Exotica (1): Jardin Majorelle and Berber Museum, Marrakesh.

Blue wall

Rue Yves Saint Laurent
8pm to 6pm summer, 5.30pm winter; the museum closes earlier.
Gardens only 70DH; gardens + Berber Museum 100 DH.

Step through a door. Once you have finished the longish-queuing – a United Nations of lines – Dutch, German, Chinese, Norse, Canadians: all accents, all degrees of patience at being delayed in their urgent quest to encounter beauty, step through a door. Step from the intensity of Marrakesh street life with construction and commerce and shouted conversations and scooters everywhere – into bamboo quietness and birdsong.

The garden’s paths take you to vivid blue walls, ponds with fat koi drifting about whispering that it’s good luck to feed the carp (it’s not), and small brown birds tossing through the leaf litter in search of an afternoon snack.

Beautiful Asian girls pose for their boyfriend photographers backgrounded by a cactus or a fountain or an ochre arbour. A pair of elderly Americans lay their hiking sticks aside and take a breather on a vivid turquoise bench against a terracotta wall. Fantastic colour schemes are everywhere.

The villa and the garden was originally built by the French orientalist painter Jacques Majorelle (1886 -1962), bought by Yves Saint Laurent and his partner Pierre Berge in 1980 and on Yves’ passing in 2008 bequeathed to Marrakesh.

In the centre of the garden is the Berber Museum. Formerly the artist’s studio, it’s a fairly modest space but well-organised with a serious purpose. The collection comprises Pierre and Yves’ personal Moroccan Berber collection.

The entrance hall provides an introduction to the Berbers who trace their history back nearly nine-thousand years and currently comprise around 85 percent of the population of Morocco. The museum is divided into three rooms. The first covers the  quotidian: objects such as combs, boxes, cooking implements, religious objects such as some early written tablets and a Koran holder and, in a nice touch, an adjacent display on apiary comprising an impressive collection of clay smokers which, if I didn’t know better, I may have mistaken for a display of ocarinas from some octopuses’ orchestra.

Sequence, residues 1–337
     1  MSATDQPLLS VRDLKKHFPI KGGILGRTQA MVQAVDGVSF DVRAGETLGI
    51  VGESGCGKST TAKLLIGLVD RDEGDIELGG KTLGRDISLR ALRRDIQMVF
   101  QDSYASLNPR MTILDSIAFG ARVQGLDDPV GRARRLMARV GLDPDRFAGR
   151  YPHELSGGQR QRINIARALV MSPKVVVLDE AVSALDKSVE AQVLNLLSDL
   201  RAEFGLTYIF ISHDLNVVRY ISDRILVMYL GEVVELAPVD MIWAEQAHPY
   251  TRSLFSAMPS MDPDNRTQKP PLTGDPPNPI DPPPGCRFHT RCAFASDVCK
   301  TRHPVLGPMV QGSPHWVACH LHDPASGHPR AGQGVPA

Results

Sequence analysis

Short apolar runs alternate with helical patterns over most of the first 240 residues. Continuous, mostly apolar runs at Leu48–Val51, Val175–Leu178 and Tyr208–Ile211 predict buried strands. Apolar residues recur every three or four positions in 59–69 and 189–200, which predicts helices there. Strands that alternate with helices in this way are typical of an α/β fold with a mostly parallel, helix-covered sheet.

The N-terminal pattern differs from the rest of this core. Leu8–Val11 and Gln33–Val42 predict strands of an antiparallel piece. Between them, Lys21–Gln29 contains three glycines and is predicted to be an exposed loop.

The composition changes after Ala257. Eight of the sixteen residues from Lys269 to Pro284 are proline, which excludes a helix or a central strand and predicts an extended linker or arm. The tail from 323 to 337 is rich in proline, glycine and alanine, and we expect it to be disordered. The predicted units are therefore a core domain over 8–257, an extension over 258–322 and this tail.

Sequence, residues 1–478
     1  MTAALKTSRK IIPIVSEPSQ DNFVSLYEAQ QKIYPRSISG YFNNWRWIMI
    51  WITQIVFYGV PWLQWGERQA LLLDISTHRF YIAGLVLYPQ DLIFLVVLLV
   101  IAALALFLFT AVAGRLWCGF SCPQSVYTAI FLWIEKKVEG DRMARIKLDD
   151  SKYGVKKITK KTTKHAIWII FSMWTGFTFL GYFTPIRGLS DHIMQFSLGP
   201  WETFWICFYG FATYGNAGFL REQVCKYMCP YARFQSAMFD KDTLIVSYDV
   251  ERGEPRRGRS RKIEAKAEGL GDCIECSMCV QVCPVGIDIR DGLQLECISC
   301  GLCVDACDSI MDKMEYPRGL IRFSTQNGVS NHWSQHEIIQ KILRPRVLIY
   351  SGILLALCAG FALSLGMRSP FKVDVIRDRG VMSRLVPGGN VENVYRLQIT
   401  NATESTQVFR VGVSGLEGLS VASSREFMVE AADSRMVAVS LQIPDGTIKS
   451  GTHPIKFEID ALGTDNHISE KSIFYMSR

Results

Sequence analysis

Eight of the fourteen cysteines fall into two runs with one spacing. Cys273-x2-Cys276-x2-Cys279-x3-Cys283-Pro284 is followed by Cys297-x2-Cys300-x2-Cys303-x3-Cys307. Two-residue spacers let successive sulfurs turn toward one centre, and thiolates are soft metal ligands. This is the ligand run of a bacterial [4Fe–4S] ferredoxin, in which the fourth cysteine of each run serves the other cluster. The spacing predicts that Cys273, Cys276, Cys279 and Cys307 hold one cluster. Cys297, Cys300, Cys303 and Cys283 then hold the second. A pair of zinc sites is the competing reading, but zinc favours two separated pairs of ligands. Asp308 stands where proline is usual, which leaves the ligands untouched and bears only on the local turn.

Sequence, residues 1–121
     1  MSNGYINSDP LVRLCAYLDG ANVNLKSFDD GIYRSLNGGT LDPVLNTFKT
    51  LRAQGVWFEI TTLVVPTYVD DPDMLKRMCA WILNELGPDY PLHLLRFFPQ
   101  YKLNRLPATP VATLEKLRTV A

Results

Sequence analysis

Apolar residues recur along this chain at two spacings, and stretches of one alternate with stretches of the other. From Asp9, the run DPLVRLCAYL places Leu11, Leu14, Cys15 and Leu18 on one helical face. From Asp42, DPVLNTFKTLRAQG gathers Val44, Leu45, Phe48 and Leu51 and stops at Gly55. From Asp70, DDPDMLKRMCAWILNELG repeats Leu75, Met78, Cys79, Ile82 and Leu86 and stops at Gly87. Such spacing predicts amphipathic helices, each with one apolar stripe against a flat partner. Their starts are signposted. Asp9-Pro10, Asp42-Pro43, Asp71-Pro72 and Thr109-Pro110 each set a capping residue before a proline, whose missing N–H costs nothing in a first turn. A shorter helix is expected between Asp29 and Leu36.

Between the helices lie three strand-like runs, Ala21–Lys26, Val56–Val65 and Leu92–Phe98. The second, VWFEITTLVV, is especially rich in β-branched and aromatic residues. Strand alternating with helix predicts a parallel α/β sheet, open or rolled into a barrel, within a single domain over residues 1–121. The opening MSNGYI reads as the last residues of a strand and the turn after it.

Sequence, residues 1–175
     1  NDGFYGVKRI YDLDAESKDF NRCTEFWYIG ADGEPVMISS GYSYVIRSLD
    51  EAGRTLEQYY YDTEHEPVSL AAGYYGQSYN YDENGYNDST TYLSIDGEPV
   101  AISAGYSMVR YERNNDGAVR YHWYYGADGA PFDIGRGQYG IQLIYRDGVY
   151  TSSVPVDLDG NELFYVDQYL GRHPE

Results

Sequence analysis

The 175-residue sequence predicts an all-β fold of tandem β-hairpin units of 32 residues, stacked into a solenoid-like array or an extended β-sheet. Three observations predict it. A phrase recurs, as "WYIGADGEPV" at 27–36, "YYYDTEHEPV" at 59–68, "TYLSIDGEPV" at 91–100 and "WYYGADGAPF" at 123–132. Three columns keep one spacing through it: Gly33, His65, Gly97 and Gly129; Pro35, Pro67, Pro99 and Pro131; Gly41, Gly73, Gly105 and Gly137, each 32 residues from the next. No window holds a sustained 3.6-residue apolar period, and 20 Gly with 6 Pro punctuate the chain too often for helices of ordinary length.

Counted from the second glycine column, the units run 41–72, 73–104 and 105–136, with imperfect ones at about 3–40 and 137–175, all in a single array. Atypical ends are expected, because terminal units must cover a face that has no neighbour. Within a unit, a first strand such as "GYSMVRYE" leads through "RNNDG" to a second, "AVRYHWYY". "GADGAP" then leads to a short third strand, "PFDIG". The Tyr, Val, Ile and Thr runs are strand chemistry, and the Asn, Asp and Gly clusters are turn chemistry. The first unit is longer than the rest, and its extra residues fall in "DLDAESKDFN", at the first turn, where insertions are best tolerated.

Once you’re done with the day-to-day, the guides direct you to the spectacular jewellery display. Presented in a darkened mirrored room with the night sky above you the silver jewellery is luminous and endlessly repeated (along with the gawky tourists) under an infinite star-studded sky.

My attention was drawn to a wonderful amber necklace: large chunks of cheesy amber strung on a silver braid with fine decorative clasps. What I wanted to know, which none of the labels and explanatory sheets answered, was where did the amber come from? As it’s not mined in Morocco (as far as I can tell), how did it come to the high Atlas Mountains to be incorporated into this necklace? Was there a trade route across the desert or by sea? Who did the Berbers trade with? Are there cultural links evident in the object and so on?

If there is a shortcoming to the museum it is that the objects – ocarinas, desert and mountain kaftans and headdresses and the jewellery – beautiful as they are, are undated and decontextualised.

The final room displays costumes, weapons, weaving and decorated doors. While interesting, I was drawn to the poster of the Berber alphabet or Tifinagh. Berber (or Tamazight) is spoken substantial number of Moroccans although it is primarily an oral language with a very limited written literature: our guide estimates less than five percent of the Berber in Morocco are literate in their own language.

Berber language
The Tifinagh, the 33 character alphabet of the Berber language

In response to the Arab Spring in Morocco in 2011, the King* agreed to amend the Moroccan constitution so that Berber became Morocco’s second official language next to Arabic. In a further concession, the government also committed to the teaching of Berber in schools. However, that commitment hasn’t yet been fulfilled and given the shortage of teachers in the country, some fear it never will.

You may wish to ponder these issues – the relationship between haute couture and Berber fashion, trading routes across the desert trading amber for salt or purple dyes, and the importance of language to a people in their struggle for identity – while you sit in the shade for a moment longer, before you step out into the hyper-excitement of peak hour traffic in Marrakesh.

* King Mohamed VI. The constitution was amended following a referendum in July 2011.

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